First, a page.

Owning a home is an essential part of the American dream for most people. Did you know that federal and state governments, as well as mortgage lenders, offer homeownership incentive programs that can help you buy your first house? Read on to learn more about the opportunities available to you.
More than just federal loan programs
Federal loan programs have served the homebuying public for decades. The Veterans Administration provides low-interest and low-down-payment loans to active-duty military personnel, veterans and their spouses. The Federal Housing Administration (FHA) offers low-interest loans and low-down-payment programs for the rest of the home buying market. The U.S. Department of Agriculture helps with loans in rural America, and Fannie Mae and Freddie Mac, two quasi-governmental agencies, offer programs as well.
Beyond these, however, there are other lesser-known grants and low-down-payment programs that serve as homeownership incentives specifically for first-time buyers.
Who is a first-time homebuyer?
Whether you qualify for these homeownership incentives depends on whether you meet the Department of Housing and Urban Development’s (HUD) definition of a first-time homebuyer, which includes:
- Individuals who have not owned a principal residence within three years of the date of purchase of a single-family home.
- A single parent or displaced spouse who has owned a home only with a former spouse while married.
- An individual who has owned only a home that lacks a permanent foundation (think mobile homes).
- An owner of a home that does not satisfy state, local and federal building codes, where the cost to achieve compliance exceeds the value of the residence.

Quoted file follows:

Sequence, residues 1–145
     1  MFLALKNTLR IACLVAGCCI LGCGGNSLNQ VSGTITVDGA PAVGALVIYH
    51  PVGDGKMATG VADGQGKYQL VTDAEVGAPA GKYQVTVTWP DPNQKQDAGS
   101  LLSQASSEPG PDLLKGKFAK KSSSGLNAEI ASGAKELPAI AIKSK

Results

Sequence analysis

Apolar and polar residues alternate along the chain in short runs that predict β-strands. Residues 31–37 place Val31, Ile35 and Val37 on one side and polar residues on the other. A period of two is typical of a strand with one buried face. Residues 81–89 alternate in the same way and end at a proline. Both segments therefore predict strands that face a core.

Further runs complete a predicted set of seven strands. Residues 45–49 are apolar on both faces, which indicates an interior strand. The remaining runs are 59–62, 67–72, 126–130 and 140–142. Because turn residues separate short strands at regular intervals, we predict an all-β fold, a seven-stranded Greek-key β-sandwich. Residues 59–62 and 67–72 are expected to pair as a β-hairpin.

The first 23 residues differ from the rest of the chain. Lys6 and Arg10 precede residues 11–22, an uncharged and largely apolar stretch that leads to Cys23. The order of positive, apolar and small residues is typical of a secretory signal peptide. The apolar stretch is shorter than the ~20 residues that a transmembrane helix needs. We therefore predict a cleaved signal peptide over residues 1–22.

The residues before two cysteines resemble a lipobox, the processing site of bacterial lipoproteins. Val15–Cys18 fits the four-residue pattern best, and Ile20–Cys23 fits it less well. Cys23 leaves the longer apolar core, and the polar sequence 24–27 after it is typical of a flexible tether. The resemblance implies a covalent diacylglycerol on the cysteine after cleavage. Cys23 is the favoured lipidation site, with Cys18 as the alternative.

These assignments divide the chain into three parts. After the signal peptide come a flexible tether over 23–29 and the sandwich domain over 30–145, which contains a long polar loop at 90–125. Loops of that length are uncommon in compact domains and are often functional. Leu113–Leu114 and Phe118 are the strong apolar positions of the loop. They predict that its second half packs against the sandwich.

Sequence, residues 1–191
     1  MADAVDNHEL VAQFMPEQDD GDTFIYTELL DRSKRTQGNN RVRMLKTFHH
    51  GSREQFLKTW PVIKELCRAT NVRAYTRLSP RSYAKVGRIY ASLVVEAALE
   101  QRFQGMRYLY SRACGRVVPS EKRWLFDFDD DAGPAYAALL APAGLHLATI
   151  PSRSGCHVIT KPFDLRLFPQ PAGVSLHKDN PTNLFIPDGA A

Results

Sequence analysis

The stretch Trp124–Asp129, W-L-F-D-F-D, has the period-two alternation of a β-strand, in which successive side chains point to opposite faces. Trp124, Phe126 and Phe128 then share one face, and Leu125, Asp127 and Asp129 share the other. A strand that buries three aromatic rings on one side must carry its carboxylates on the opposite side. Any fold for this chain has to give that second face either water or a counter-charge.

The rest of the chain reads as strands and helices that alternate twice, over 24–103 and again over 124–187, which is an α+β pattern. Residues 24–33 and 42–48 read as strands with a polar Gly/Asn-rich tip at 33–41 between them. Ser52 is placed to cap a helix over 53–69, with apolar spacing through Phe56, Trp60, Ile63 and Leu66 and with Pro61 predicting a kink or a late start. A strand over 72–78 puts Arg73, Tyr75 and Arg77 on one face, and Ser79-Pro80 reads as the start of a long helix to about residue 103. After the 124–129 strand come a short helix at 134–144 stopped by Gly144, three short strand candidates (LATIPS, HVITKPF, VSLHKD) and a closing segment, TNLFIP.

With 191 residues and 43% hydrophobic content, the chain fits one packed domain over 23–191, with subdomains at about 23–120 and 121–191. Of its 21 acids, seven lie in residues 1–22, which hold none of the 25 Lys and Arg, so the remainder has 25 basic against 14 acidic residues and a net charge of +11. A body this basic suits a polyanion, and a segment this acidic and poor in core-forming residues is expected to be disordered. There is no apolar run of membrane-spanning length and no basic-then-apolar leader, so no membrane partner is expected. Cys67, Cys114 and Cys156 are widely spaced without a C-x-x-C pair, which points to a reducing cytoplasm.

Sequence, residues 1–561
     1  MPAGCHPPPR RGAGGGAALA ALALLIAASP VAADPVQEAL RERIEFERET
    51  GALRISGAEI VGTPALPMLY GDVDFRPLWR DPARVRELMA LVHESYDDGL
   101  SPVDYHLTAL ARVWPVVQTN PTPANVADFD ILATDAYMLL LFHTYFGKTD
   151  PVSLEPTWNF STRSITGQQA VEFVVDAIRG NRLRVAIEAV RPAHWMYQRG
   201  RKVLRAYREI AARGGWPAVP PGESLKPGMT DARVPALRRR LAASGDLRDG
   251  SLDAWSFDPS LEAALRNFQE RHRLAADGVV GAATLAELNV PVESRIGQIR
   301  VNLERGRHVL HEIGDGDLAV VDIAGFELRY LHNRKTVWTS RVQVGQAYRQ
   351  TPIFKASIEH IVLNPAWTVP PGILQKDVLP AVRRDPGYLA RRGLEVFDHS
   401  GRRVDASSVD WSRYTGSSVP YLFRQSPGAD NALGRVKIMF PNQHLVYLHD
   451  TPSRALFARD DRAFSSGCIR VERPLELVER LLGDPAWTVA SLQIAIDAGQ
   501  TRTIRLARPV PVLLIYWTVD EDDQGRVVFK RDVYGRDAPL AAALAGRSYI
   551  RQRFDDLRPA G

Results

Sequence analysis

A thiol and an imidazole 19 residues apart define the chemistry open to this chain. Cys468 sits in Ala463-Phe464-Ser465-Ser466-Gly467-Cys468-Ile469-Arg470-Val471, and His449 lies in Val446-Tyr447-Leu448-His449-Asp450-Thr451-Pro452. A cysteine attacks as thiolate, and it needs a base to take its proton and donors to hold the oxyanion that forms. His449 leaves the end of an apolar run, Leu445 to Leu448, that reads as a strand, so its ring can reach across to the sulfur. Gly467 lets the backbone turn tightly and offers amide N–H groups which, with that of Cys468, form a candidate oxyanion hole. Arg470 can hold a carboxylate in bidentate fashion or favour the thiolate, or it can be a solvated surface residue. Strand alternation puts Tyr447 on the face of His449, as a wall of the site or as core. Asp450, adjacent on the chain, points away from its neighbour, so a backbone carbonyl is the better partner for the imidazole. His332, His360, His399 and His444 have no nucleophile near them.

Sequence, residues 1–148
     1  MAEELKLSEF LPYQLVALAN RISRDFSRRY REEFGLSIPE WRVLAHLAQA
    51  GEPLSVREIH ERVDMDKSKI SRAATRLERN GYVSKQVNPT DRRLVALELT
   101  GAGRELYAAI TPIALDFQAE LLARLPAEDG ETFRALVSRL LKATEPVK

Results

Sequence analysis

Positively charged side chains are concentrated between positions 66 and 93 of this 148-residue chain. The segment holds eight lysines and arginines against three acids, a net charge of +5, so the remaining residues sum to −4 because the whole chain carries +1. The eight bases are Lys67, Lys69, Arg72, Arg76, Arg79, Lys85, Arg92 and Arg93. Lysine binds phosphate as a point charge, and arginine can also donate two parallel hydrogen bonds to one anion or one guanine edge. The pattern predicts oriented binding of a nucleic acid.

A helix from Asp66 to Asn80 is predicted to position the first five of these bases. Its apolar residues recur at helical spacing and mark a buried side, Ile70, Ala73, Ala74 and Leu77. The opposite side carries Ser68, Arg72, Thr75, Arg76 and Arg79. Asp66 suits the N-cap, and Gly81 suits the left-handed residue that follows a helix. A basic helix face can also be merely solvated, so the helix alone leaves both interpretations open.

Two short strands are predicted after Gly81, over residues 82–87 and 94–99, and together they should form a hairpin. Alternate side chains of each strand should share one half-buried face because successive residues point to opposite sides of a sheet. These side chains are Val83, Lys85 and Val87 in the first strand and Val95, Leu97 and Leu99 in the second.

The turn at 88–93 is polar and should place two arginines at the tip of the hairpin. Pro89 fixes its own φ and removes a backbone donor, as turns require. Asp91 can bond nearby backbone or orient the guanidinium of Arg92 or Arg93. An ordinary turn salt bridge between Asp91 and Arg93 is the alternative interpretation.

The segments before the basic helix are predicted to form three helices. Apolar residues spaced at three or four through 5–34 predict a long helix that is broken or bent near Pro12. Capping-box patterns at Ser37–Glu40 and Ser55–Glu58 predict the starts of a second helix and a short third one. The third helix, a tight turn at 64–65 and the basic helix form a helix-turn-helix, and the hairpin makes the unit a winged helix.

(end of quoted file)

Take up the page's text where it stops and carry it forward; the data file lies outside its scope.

HUD, Fannie Mae and Freddie Mac programs and grants
If you qualify as a first-time homebuyer, HUD has creative homeownership incentive programs for which you may qualify. The Good Neighbor Next Door program helps teachers and first responders purchase their first homes with as little as $100 down. The 203k program loans you money to purchase a home as well as to renovate and repair it.
Several homeownership incentive programs require only minimal down payments from first-time homebuyers. Freddie Mac offers the Home Possible program for low- to medium-income earners, requiring only a 3 percent down payment. Freddie Mac’s HomeOne loans also require only 3 percent down, as does FHA’s Home Ready Program.
For Native Americans
HUD offers Section 184 loans to any Native American, not just first-time homebuyers. Perhaps the most generous loan assistance program available, these loans require borrowers to pay only a 1.5 percent up-front loan guarantee fee and 2.25 percent down.
State incentive programs
Research your state via HUD’s website to see what lending assistance programs may be available. Many states have their own versions of veteran and low-income assistance programs to aid first-time buyers.
IRS lends a hand
As a qualifying first-time homebuyer, you can tap up to $10,000 from an Individual Retirement Account without incurring the 10 percent penalty that hits most withdrawals, even if you are below age 59-and-a-half. You will still owe regular income taxes on this withdrawal.
Of course, all homeowners are able to deduct the cost of points paid plus mortgage interest and property taxes from their federal income taxes, although for some it may make more sense to take the standard deduction. Check with a tax professional.
Related – FAQs for First-Time Home Buyers